To examine differences in health risks, health outcomes and health services use of Calgary street-involved youth by level of street involvement to inform services planning.
355 street-involved youth (61% male, 26% Aboriginal) completed surveys at a variety of outdoor and agency locations: 46% currently lived on the street, 33% had lived on the street in the past, and 20% were street-involved but had not lived on the street. Odds Ratios (OR) adjusted for sex, ethnocultural group, and age group were calculated for each health/health risk and health service factor by level of street involvement.
With the exception of condom use, significant health and health risk outcome differences were seen by level of street involvement. Use of hospitals and walk-in clinics did not differ significantly by level of street involvement; however, youth living on the street were less likely (OR 0.2) than those who had not lived on the street to use a physician during office hours, and those who had lived on the street were more likely (OR 10.1) to use mobile clinics, services that are targeted to street-involved people.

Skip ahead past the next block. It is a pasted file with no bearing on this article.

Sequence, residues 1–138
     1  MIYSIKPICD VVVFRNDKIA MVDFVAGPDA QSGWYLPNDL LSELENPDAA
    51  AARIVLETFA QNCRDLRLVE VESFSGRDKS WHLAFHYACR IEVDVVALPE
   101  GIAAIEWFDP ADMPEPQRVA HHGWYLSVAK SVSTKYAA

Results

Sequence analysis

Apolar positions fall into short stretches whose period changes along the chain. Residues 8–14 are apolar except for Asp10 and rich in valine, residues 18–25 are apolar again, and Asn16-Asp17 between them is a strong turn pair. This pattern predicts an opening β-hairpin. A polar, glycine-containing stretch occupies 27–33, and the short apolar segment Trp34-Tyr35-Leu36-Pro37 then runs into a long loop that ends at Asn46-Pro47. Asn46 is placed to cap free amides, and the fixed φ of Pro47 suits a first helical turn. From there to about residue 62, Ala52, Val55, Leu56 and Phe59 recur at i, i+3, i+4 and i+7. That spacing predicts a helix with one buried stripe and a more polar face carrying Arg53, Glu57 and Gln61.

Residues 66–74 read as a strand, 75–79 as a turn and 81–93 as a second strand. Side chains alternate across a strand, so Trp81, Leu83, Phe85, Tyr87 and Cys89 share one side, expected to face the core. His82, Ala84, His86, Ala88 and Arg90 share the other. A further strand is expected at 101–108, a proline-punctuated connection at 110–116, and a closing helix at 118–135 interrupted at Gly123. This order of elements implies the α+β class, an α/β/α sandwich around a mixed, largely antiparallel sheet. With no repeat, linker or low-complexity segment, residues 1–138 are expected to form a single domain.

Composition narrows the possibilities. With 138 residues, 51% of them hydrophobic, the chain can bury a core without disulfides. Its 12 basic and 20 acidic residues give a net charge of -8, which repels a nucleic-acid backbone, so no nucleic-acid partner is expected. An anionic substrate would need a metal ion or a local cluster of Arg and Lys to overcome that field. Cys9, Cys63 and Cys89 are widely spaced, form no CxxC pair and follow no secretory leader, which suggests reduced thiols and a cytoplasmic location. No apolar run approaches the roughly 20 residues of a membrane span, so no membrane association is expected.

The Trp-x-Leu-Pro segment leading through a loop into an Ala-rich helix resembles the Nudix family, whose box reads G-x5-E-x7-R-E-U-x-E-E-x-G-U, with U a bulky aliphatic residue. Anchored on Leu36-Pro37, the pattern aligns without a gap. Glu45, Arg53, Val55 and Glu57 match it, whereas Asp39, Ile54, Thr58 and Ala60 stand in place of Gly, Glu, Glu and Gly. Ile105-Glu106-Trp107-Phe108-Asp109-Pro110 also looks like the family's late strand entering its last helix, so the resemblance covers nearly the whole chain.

Street-involved youth who had not lived on the street showed better health/health risk outcomes than those who currently or had lived on the street, and health services use showed some differences by level of street involvement. Public health and other service providers need to be cognizant of their role in providing prevention, safety or stabilization services for youth at different stages of street life.